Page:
Two of Canada’s largest investment managers are being threatened with a class-action lawsuit that claims investors were overcharged for actively managed mutual funds that did little more than mimic their benchmark indexes.
Two law firms, Investigation Counsel PC and Bates Barristers PC, filed proposed class-action lawsuits Tuesday in the Supreme Court of British Columbia against TD Asset Management Inc. and RBC Global Asset Management Inc. and its subsidiary, the Royal Trust Co. They target two widely held mutual funds: the RBC Canadian Equity Fund and the TD Canadian Equity Fund.
The proposed class actions allege that excessive fees paid to RBC and TD over many years have significantly reduced the returns of investors.
“Mutual fund trustees and managers are accountable for legal compliance with a set of serious obligations that protect investors from harmful conduct, including excessive fees that deplete fund assets and diminish investor returns” Paul Bates, co-counsel for the plaintiffs, said in a statement.
Both RBC and TD declined to comment on the matter.
The proposed class actions were filed on behalf of RBC investors who held units of the RBC Canadian Equity Fund at any time from June 1, 2005, to present, and TD investors who held units of the TD Canadian Equity Fund at any time from Jan. 1, 2010, to present. The action would still need to be certified by the court; no timetable for a hearing has yet been set. If certified, those investors eligible to join the class action would be notified.
An investor pays a higher fee for a mutual fund than for an index fund on the assumption that they are getting active management that could ideally produce better returns. But some funds have encountered criticism that their holdings are largely the same as what benchmark indexes, such as the S&P/TSX composite index, are comprised of. Such funds have been nicknamed “closet indexers.”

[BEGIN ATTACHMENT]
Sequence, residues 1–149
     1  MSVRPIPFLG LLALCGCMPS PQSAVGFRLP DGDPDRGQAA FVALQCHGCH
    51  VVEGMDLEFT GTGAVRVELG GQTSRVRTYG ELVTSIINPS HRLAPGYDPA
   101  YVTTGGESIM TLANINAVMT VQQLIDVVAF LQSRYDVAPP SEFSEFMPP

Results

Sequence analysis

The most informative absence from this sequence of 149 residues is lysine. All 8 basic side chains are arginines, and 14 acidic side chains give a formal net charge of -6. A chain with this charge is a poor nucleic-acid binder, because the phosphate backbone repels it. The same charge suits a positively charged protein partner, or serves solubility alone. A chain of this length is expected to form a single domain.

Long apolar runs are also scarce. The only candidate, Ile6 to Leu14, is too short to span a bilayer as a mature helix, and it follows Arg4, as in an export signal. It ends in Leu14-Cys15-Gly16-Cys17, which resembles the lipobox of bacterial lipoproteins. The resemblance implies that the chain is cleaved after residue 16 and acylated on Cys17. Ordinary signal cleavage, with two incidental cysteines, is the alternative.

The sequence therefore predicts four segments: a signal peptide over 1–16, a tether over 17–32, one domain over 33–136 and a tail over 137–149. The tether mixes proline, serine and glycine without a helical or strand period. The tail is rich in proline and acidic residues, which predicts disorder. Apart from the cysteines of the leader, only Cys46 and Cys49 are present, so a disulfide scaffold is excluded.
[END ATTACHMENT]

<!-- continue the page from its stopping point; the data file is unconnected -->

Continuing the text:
Assets under management for the TD Canadian Equity Fund and RBC Canadian Equity Fund are approximately $5-billion and $2.4-billion, respectively, said John Archibald, a lawyer with Investigation Counsel PC in Toronto, who suggests investors may have overpaid hundreds of millions of dollars in fees over the two periods.
“Canadian mutual fund investors pay among the highest fees in the world and they deserve full disclosure about the manager’s investment strategies and the associated costs,” Mr. Archibald said. “We believe excessive management fees should be paid back to affected investors.”
Management fees on the most common series of these two funds range between 1.6 per cent to 1.85 per cent during the class-action period. In comparison, a passive index-tracking strategy, such as an iShares exchange-traded fund, which tracks the S&P/TSX, charges substantially lower fees between 0.05 per cent to 0.25 per cent.
Dan Hallett, vice-president and principal with HighView Financial Group, says that while he does not have a legal background, as an analyst he would be surprised if the case against the asset managers was successful.
“Depending on the period of measurement, the asset managers may have added value or they might not have, but are you purely looking at raw returns and not at the risk that was involved at achieving those returns?” he said.
Mr. Hallett said there could be a strong argument that having similar returns with less volatility and less risk is a form of “value add” for the investor.
What is known as closet indexing is widespread around the world, and regulators in both North America and Europe have begun to pay closer attention to funds that track the index while charging active management fees.
Canada is one jurisdiction in which the practice has been found to be the most prevalent, according to a paper published in the Journal of Financial Economics by four professors of finance: Martijn Cremers, Miguel Ferreira, Pedro Matos and Laura Starks.
The paper estimates about 37 per cent of the assets in equity mutual funds sold in this country are in closet indexers. By comparison, only 15 per cent of the net assets in equity mutual funds sold in the United States are in closet indexers.
In 2016, the Ontario Securities Commission commenced a targeted review of conventional mutual funds that followed active management strategies. Among other data, the OSC considered the funds’ active share (a measure of the percentage of a fund’s portfolio holdings that differs from the composition of its benchmark index) to assess the extent of active management.
An OSC spokesperson said while the review did not reveal any conclusive findings, nor any items that would merit regulatory action at this time, the commission was continuing to “monitor the issue.”